June 2017 Ask the Expert: Bone Health
It’s important to have strong, healthy bones. But breast cancer can make that harder. Some breast cancer treatments can weaken bones. And if breast cancer becomes metastatic, the bones are where it’s most likely to spread.
In June, Living Beyond Breast Cancer expert Adam Brufsky, MD, PhD, answered your questions about bone health and breast cancer. He addressed issues people with all stages of disease face, like keeping bones healthy during breast cancer treatment and, for those with metastatic disease, preventing and treating bone pain throughout long-term treatment.
Remember: we cannot provide diagnoses, medical consultations or specific treatment recommendations. This service is designed for educational and informational purposes only. The information is general in nature. For specific healthcare questions or concerns, consult your healthcare provider because treatment varies with individual circumstances. The content is not intended in any way to substitute for professional counseling or medical advice.
Generally in two situations:
- When someone has bone metastases we give zoledronic acid every 3 months to block complications like bone fracture, worsening pain or need for radiation
- Data from the OPTIMIZE trial recently changed how we give zoledronic acid in metastatic breast cancer. We used to give it monthly, but now every 3 months is the standard.
- In early stage breast cancer we give zoledronic acid every 6 months to reduce bone loss from aromatase inhibitors as well as to prevent bone metastases
I like to give my patients a year-long break after 5 years. You can get what is called atypical fracture of the femur (from brittle areas at the top of the femur bone) after 5-7 years of using zoledronic acid.
Are you on filgrastim (Neupogen) or pegfilgrastim (Neulasta) as well? Those medicines are often given with chemotherapy to lower the risk of infection, and can sometimes cause bone pain. Eribulin rarely can cause pain as well. We recommend, if possible, to try ibuprofen, perhaps the night after getting chemo.
Foods high in calcium.
Any exercise that has weight bearing, including running. Just be careful with the amount of weight.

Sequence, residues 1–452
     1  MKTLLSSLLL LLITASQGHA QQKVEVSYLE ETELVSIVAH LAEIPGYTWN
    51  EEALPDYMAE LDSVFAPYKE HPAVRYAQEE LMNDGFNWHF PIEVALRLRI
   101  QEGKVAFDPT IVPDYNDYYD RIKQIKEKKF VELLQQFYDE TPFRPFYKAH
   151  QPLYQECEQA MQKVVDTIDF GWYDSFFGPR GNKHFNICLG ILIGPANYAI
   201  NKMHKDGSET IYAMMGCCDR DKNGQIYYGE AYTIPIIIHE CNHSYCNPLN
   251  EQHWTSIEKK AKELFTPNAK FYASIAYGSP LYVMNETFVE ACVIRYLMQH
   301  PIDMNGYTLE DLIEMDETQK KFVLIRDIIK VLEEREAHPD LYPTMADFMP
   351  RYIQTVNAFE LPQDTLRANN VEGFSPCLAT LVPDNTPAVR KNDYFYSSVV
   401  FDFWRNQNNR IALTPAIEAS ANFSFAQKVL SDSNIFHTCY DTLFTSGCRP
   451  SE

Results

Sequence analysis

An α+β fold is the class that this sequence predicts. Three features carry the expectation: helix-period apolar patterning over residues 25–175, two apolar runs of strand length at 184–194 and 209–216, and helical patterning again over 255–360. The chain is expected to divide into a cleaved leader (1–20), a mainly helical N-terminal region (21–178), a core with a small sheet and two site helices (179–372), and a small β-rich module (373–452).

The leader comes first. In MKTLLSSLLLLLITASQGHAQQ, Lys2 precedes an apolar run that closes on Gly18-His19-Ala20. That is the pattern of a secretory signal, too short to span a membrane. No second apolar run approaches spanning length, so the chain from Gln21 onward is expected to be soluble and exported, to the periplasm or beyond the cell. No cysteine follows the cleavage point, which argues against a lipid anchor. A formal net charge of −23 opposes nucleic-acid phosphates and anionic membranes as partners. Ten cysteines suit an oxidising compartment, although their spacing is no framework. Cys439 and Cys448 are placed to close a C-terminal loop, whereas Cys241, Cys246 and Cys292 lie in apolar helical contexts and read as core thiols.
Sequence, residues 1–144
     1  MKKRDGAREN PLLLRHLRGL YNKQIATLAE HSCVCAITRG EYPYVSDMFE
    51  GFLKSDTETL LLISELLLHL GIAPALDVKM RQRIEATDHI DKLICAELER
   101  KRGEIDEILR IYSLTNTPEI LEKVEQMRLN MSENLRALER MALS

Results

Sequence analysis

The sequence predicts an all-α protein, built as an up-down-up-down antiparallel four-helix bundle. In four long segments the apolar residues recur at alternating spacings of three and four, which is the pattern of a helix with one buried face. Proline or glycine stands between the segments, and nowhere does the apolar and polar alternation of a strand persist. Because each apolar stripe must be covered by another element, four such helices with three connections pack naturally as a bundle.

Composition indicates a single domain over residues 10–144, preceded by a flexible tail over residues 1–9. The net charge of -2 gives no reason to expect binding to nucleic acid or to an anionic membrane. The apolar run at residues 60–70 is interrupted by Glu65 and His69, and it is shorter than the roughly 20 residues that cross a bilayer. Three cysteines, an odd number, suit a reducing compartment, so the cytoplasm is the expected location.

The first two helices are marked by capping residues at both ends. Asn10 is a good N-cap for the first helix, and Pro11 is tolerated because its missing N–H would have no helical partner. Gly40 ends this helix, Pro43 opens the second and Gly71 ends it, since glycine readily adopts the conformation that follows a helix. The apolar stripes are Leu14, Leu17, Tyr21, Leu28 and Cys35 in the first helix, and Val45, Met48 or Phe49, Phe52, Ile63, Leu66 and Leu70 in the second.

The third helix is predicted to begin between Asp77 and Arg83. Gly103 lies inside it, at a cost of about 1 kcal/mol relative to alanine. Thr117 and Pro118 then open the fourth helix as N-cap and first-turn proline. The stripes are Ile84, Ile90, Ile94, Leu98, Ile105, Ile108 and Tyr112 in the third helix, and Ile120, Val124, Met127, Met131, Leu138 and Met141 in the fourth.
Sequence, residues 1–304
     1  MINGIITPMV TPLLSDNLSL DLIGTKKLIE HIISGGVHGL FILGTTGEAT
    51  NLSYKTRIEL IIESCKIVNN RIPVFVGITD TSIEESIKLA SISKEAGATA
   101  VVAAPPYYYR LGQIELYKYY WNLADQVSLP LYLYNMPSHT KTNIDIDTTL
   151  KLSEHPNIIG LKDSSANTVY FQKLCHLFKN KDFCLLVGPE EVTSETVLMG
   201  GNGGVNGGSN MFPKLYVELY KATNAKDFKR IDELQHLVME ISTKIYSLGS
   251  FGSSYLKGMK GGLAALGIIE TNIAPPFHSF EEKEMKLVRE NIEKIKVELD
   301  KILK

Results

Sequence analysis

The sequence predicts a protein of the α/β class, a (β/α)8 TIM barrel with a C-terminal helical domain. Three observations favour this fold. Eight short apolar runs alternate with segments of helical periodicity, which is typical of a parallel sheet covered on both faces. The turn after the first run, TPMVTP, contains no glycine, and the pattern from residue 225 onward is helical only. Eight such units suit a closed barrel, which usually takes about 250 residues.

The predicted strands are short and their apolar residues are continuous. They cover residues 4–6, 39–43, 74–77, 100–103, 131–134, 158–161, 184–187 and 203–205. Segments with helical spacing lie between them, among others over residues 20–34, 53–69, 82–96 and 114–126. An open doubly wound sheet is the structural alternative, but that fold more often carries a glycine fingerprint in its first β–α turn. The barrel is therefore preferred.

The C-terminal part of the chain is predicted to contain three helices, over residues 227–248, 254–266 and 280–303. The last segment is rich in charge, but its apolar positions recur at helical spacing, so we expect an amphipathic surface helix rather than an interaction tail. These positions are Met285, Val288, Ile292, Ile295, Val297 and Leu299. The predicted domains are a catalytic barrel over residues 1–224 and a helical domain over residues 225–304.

Your doctor should check your vitamin D level. If low, you can take vitamin D and the achiness can go away. Some people try taking glucosamine chondroitin.
We like to stop after 5 years, since other complications may arise with long-term use, such as bone fractures.
Yes, it works regardless of how menopause comes about.
It can be tough to tell what's causing it, but if you have pain that continues to increase, your doctors should do more tests before other steps are taken.
No one knows for sure, but it may have to do with certain receptors that breast cancer and bones both share.
Estrogen receptor-positive breast cancer tends to spread to bone more commonly than other types.
Possibly. Chemo can cause osteoporosis, especially if it results in menopause.
Generally if there is a bone about to fracture from a metastasis we put a strengthening rod in it. We check x-rays for signs that a fracture is likely.
Surgery is a local treatment. It is not used to treat breast cancer cells that may be spreading throughout the body.
Radiation is used for pain, and also to reduce tumor size and prevent bones from fracturing because of metastases.
It is a local treatment. It is not used to treat breast cancer cells that may be spreading throughout the body.
For reasons we do not understand, bones of the ribs, spine, hips, and sternum seem to be more involved.